Between the names of football player Ray Rice and the newly crowned Miss America, domestic violence has dominated headlines in the past month.
Rice’s assault on his then-fiancée, and now-wife, was caught on video and recently widely circulated, leading to scandal and accusations within the NFL. The new Miss America, Kira Kazantzev has chosen a platform that targets domestic violence, something which she herself has experienced.
These high-profile stories have brought domestic violence, an often-invisible problem, to the forefront of public awareness. Physical and emotional abuse in family relationships is a problem that, due to its nature and complexity, too often gets brushed under the rug. Victims may remain silent out of fear or shame. Perpetrators, meanwhile, are too often not held accountable.
Oftentimes, we try to distance ourselves from disturbing public health problems like domestic violence by claiming it’s an isolated problem, or that it only happens in other neighborhoods or to other people. But the truth is, domestic violence impacts women and men from all different places and backgrounds. In the United States alone, almost 20 people per minute are victims of domestic violence. One in three women and one in four men will experience relationship violence in their lifetimes.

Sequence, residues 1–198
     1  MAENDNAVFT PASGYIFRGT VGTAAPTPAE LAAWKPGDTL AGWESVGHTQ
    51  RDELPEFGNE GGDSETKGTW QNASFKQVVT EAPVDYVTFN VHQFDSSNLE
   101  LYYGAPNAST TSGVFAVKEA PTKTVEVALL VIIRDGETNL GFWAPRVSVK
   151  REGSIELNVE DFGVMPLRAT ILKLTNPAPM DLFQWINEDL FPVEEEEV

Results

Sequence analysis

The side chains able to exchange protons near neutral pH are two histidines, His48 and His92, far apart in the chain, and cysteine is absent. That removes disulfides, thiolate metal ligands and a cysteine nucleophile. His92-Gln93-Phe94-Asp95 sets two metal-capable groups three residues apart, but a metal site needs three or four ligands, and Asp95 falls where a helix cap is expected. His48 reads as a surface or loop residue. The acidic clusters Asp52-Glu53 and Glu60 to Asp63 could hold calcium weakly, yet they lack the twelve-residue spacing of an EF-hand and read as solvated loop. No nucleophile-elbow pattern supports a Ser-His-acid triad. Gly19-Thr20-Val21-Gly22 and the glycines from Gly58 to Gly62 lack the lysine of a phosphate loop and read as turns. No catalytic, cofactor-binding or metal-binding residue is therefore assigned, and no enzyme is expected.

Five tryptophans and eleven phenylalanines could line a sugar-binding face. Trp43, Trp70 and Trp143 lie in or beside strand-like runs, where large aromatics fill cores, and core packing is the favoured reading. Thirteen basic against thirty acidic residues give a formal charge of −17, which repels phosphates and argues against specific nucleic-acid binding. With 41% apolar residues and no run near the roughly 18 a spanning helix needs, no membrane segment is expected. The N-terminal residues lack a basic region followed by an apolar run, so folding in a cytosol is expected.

What’s more, the women and men who are victims of domestic violence can experience significant physical and mental health problems that often outlast the abusive relationship. More than 40 percent of female victims are injured during the assault. Apart from physical symptoms, victims may also experience significant mental health impairments, including anxiety, depression, and suicidal behavior. Post-traumatic stress disorder, known as PTSD, also frequently occurs among those who have experienced relationship violence.
Studies have also found links between domestic violence and a myriad of physical ailments, including chronic pain, eating problems, gastrointestinal disorders, HIV, and sexually transmitted infections. Female victims are also more likely to experience symptoms of PMS and PMDD.
Across the country, people are taking notice of the damaging effects of domestic violence. NFL Commissioner Roger Goodell, who has faced significant criticism for his handling of Ray Rice’s assault, recently announced that the league will mandate training for players and staff. Recent Twitter hashtags, such as #WhyIStayed and #WhyILeft, gave a platform for victims to discuss their experiences and educate the public.
Domestic violence is not a simple problem, but ignoring it will only harm victims and implicitly condone persecutors. Turning the tide on domestic violence is not an easy task, but individuals can make an important difference by educating themselves and those around them and by supporting laws and policies that seek to end domestic violence.
If you are, or suspect you may be, a victim of domestic violence, we encourage you to call the National Domestic Violence hotline at 800-799-7233 or visit www.thehotline.org.